The town of Langholm has announced it has successfully reached an agreement for 5,300 acres of land.
The South of Scotland’s largest community buyout is set to double in size having defied the odds for a second time in two years, following an ambitious community fundraising campaign.
A historic agreement for 5,300 acres of land and three properties between The Langholm Initiative charity and Buccleuch will now go ahead, after the Dumfriesshire town successfully reached its goal of £2.2million by the July 31 deadline.
This will double the size of the Tarras Valley Nature Reserve, created last year after the buyout’s first stage raised £3.8m to purchase an initial 5,200 acres and six residential properties from Buccleuch.
The reserve aims to help tackle the nature and climate crises, while boosting community regeneration.
Jenny Barlow, Tarras Valley Nature Reserve’s estate manager, said: “We are so grateful to every single person who has backed this beacon of hope for people and planet – together we have achieved the impossible.
“It’s been a rollercoaster, but the generosity and unwavering support of so many wonderful donors and volunteers have got us over the line in the nick of time.
“This is about a grassroots fightback against the climate emergency and biodiversity crisis, and helping to create a better future. We are doing something so special here, and our expanding reserve is an amazing opportunity for people to visit this part of the world and be inspired by the wonders of nature.”
Success for the buyout’s second stage was only confirmed as the deadline was reached.
In the closing days, thousands of pounds continued to pour into the public crowdfunder.
There were significant donations of £300,000 from Alex Gerko, founder of algorithmic trading firm XTX Markets, £100,000 from Anne Reece of the Reece Foundation, and £50,000 from John Muir Trust.
Benny Higgins, executive chairman of Buccleuch, said: “We are absolutely delighted for The Langholm Initiative and have been pleased to work with them and support their project every step of the way. This successful outcome is testament to what can be achieved by people working together constructively.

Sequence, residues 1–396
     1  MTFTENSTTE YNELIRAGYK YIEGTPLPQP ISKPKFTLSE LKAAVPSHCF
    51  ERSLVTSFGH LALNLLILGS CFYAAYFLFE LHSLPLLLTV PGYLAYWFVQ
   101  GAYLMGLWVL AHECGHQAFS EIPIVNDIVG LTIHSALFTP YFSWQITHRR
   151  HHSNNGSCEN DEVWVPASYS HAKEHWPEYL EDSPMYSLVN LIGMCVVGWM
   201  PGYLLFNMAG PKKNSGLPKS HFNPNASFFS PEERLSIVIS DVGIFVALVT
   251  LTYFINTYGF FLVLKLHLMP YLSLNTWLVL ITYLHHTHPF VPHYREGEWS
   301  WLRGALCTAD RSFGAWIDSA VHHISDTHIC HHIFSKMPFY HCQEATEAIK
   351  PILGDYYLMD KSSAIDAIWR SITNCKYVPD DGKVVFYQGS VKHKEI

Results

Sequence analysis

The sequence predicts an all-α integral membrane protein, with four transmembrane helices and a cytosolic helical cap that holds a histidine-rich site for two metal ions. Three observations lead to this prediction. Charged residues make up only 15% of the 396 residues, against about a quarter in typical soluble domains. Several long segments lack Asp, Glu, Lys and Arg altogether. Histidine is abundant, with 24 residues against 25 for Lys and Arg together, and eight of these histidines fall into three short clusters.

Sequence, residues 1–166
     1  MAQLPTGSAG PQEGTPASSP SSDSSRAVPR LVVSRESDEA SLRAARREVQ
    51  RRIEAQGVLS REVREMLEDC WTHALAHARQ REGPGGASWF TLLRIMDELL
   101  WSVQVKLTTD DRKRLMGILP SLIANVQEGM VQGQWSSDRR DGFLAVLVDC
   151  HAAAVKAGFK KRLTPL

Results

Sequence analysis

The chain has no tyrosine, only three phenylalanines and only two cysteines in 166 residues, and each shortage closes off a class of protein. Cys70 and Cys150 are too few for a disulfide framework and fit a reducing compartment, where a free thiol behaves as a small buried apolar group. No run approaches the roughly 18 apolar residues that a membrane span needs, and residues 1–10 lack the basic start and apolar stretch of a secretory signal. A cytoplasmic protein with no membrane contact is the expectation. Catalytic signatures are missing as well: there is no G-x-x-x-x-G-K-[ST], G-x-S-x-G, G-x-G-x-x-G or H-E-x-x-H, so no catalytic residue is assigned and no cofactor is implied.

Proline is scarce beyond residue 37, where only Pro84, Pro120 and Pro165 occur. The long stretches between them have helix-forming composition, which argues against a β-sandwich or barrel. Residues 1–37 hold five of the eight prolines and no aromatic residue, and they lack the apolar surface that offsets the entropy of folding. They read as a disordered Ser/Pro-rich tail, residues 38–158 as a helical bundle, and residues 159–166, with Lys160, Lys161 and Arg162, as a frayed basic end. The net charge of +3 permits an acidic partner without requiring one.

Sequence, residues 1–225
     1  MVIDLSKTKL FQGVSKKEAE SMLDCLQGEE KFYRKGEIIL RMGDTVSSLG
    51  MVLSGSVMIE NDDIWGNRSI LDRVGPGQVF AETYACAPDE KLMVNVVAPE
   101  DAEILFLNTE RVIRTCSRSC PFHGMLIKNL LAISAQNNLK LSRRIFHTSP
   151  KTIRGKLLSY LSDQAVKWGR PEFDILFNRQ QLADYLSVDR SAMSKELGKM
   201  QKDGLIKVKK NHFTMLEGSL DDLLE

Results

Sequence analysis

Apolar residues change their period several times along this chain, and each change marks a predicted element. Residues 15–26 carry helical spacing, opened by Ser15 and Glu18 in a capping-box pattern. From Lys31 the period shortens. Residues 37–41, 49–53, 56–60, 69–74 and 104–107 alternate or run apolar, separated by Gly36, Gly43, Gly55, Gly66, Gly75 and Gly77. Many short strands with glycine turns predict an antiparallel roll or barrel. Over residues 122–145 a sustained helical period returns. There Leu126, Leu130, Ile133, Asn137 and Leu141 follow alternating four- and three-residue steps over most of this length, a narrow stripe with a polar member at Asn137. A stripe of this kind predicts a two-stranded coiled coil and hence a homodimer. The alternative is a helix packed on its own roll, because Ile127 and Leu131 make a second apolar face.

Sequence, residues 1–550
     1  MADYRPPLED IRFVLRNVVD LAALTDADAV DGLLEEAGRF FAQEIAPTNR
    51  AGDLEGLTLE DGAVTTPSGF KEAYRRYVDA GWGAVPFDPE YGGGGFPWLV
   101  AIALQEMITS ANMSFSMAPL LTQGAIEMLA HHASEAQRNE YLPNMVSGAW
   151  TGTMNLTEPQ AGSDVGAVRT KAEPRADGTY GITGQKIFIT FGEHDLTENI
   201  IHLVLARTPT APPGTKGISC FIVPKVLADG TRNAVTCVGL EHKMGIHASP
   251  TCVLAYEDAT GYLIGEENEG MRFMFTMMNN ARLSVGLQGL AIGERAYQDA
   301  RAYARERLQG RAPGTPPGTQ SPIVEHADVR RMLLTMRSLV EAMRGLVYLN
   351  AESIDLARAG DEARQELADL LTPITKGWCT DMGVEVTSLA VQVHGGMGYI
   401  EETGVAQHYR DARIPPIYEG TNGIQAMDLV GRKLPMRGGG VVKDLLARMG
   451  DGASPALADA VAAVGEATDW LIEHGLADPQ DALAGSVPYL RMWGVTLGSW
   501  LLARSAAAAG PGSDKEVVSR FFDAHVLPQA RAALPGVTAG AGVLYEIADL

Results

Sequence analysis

“When Buccleuch launched its community consultation on the proposed sale of 25,000 acres of land on Langholm Moor, we couldn’t know what the community’s aspirations would be. To see The Langholm Initiative grow the Tarras Valley Nature Reserve from the initial 5,200 acres to almost double that is fantastic, and we look forward to seeing the evolution of the project over the coming years.”
On the reserve, globally important peatlands and ancient woods are to be restored, native woodlands expanded, and a haven ensured for wildlife including rare hen harriers.
Community regeneration through a nature-based approach is a central aim, with six new jobs already created. Langholm was once a thriving textile centre, but the industry has declined in recent years.
In June, the Scottish Land Fund awarded The Langholm Initiative £1m towards the buyout, while an anonymous private donor made a donation of £500,000 at the appeal’s launch last October.
Nearly 3,000 people have donated to the crowdfunder since it launched nine months ago, taking it past its £200,000 stretch target to reach over £242,000. Tens of thousands of pounds poured in during the final weeks alone.
Leading charities that have backed the buyout include Borders Forest Trust, John Muir Trust, Rewilding Britain, RSPB Scotland, Scottish Wildlife Trust, Trees for Life, and the Woodland Trust.
Margaret Pool, trustee of The Langholm Initiative, said: “The generosity of so many people locally, nationally and worldwide has been amazing. Our heartfelt thanks go to every donor, supporter and volunteer who helped us overcome what so often felt like impossible odds.
“We are also very grateful to Buccleuch for their ongoing positive engagement, which was absolutely crucial.
“Every single pound donated to the crowdfunder counted. Each donation kept this impossible dream alive, while major donors could see from the outpouring of support that this was an inspiring, serious project of hope.
“This is a historic result for our community now and for future generations. We also hope our story will inspire other community-led nature recovery projects across Scotland and beyond. We know that communities can be powerful forces for positive change.”